Posts Tagged ‘Pulau Perhentian’

KUALA TERENGGANU: Pulau Perhentian Besar and Kecil, the havens for marine life, are under threat environmentally due to poorly planned tourism development, ineffective sewage treatment and solid waste disposal.

The state government is worried that this could lead to severe damage to coral reefs found in abundance surrounding both islands.

State Commercial, Industry and Environment Committee chairman Toh Chin Yaw said the new chalets have compounded the problem as many of them did not have proper sewage and rubbish disposal systems.

“Some of these operators are taking the easy way out by diverting all types of wastes from their chalets direct into the sea,” he said in an interview yesterday.

Toh said during the peak season, mounds of garbage bags could also be seen around the islands, believed to have been left by these operators.

“They are blaming us for not centralising the sewage system and garbage collection without realising that it is too costly for the state government to do that.

“We have commissioned a contractor to regularly collect the garbage from the islands to be disposed of on the mainland, but many of the operators are refusing to pay the maintenance fees and continued to indiscriminately throw their garbage into the sea,” he added.

Toh said the state government would build a sewage treatment plant on the islands if the operators were willing to pay the monthly maintenance fees.

However, he doubted that they would do so as at present, they were also unwilling to share part of their revenues to be utilised for the pollution control efforts as advocated by the state government.

“We are intensifying our environmental awareness programme, besides encouraging operators to improve their waste facilities.

“We will also rope in the relevant authorities to educate these operators on the importance of protecting the eco-system at these islands,” he added.

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SALAH satu sudut pemandangan indah di Pulau Perhentian yang mampu menarik pelancong asi

BESUT 27 Mei (Utusan Malaysia) – Rakyat Terengganu masih tidak mempunyai kesedaran tinggi dalam menjaga dan memulihara alam sekitar.

Pengarah Jabatan Taman Laut Negeri Terengganu, Bahrinah Bahrim berkata, keadaan itu boleh dilihat berdasarkan sambutan terhadap beberapa kempen kesedaran yang dilakukan oleh beberapa agensi kerajaan termasuk jabatan tersebut.

”Saya dimaklumkan beberapa kempen kesedaran tidak mendapat sambutan meluas daripada penduduk.

”Kempen-kempen tersebut hanya mendapat sambutan daripada orang yang sama sahaja,” katanya ketika ditemui di sini baru-baru ini.

Beliau memberitahu, pihaknya juga mengeluarkan notis amaran kepada nelayan supaya tidak menggunakan bubu untuk menangkap ikan.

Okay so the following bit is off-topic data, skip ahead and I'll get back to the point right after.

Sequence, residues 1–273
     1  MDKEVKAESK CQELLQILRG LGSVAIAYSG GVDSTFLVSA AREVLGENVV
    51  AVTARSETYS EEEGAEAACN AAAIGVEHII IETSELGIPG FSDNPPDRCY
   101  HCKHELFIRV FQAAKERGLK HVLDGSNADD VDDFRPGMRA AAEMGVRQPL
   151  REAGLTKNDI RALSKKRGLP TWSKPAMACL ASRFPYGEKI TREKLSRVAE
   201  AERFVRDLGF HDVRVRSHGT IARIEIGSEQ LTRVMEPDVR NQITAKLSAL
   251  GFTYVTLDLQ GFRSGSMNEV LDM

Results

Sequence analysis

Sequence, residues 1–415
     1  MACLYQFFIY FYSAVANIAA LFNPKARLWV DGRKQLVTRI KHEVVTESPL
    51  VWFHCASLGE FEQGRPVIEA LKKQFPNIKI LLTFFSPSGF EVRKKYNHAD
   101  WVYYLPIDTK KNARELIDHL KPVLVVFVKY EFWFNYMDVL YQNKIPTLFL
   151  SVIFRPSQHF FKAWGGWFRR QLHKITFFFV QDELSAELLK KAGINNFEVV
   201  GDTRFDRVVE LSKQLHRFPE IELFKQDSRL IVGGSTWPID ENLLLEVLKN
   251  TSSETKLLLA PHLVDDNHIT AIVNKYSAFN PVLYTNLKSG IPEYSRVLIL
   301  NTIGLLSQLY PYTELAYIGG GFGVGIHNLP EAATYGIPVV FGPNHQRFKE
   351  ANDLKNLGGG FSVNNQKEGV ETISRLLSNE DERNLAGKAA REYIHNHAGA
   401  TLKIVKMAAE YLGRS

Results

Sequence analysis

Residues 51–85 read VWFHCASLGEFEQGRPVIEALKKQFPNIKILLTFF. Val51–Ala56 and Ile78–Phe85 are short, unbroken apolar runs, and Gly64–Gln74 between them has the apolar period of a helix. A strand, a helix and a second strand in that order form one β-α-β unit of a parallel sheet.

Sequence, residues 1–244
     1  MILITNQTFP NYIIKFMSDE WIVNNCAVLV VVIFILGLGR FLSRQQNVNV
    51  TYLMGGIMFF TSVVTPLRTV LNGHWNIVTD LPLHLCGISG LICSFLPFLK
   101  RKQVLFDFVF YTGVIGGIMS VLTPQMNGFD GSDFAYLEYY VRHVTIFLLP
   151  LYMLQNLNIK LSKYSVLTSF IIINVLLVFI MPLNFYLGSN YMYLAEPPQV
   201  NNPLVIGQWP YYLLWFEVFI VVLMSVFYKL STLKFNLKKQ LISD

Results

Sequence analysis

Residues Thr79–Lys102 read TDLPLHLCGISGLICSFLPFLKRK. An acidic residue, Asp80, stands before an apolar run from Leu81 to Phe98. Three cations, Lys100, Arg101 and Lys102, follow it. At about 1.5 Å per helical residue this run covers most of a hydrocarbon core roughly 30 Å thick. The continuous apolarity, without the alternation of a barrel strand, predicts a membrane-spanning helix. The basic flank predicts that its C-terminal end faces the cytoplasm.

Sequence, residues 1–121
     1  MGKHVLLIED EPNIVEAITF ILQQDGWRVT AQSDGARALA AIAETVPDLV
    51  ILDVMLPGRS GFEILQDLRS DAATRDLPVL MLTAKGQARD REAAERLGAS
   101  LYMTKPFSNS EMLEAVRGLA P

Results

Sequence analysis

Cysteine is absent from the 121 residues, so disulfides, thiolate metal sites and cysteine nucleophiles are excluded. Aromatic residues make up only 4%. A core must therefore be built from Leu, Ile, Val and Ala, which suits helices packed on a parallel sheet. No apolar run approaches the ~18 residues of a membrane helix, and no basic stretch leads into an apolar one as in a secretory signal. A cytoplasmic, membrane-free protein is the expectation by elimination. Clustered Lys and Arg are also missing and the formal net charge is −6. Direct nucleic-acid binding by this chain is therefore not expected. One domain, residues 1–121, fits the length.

”Ini kerana penggunaan bubu mengancam hidupan laut kerana ia bukan sahaja menangkap ikan tetapi menyebabkan beberapa hidupan terancam seperti penyu terperangkap,” ujarnya.

Beliau berkata, pihaknya akan menjalankan operasi untuk membanteras penggunaan bubu dalam tempoh terdekat ini.

”Kita akan mengenakan tindakan undang-undang terhadap mereka yang masih menggunakan bubu kerana jabatan sebelum ini telah pun memaklumkan mengenai pengharaman alat menangkap ikan itu,” katanya.


Berita berhubung Pulau Perhentian sebelum ini:

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LONGGOKAN sampah yang dikumpulkan di atas pelantar sebelum dikutip oleh kontraktor yang dilantik oleh pihak berkuasa tempatan di Pulau Perhentian, Besut, Terengganu. – utusan / Irman Hashim

BESUT 27 Mei (Utusan Malaysia)- Pulau Perhentian merupakan salah satu ‘syurga’ pelancongan buat para penyelam menikmati keindahan alam di dasar laut negara ini.

Bagaimanapun, keindahan dasar laut semakin tercemar ekoran sistem pembuangan sampah yang dilaksanakan di pulau berkenaan.

Ini kerana proses pembuangan sampah tersebut melibatkan pengumpulan sampah di atas beberapa pelantar yang ditempatkan di laut sebelum dikutip oleh kontraktor yang dilantik oleh pihak berkuasa tempatan (PBT).

Pengurus Projek Kesedaran Pemuliharaan Pulau (PIPA), Steven Lim berkata, kutipan yang dilakukan adakalanya tidak tepat pada waktunya sehingga sampah bertimbun di atas pelantar tersebut.

”Apabila hujan atau laut bergelora, sampah tersebut akan jatuh ke dalam laut dan mencemari dasarnya.

”Bayangkan betapa banyak sampah akan masuk ke dalam laut jika ia tidak dikutip lebih daripada dua atau tiga hari,” katanya ketika ditemui di sini baru-baru ini.

Beliau berkata, keadaan itu bukan sahaja mencemarkan keindahan alam semulajadi di Pulau Perhentian malah boleh menjadi ancaman pada hidupan laut.

Jelasnya, setiap kali beliau mengendalikan beberapa program membersihkan dasar laut anjuran pelbagai agensi dan syarikat swasta, kesan pencemaran sampah itu boleh dilihat.

”Selepas dianjurkan satu aktiviti pembersihan dasar laut, kita akan lihat sampah yang sama apabila aktiviti berkenaan diadakan sekali lagi.

”Sampah-sampah itu merupakan sampah yang ditempatkan di atas pelantar tersebut,” ujarnya.

Justeru, Steven meminta PBT berkaitan mencari pendekatan baru untuk memastikan keadaan itu tidak berlarutan.

Seorang penyelam, Haris Awang, 40, ketika ditemui berkata, sampah sarap di dasar laut mencemar persekitaran yang indah di pulau berkenaan.

”Lebih buruk pelantar tersebut ditempatkan kira-kira 20 meter dari tempat orang ramai melakukan aktiviti snorkeling.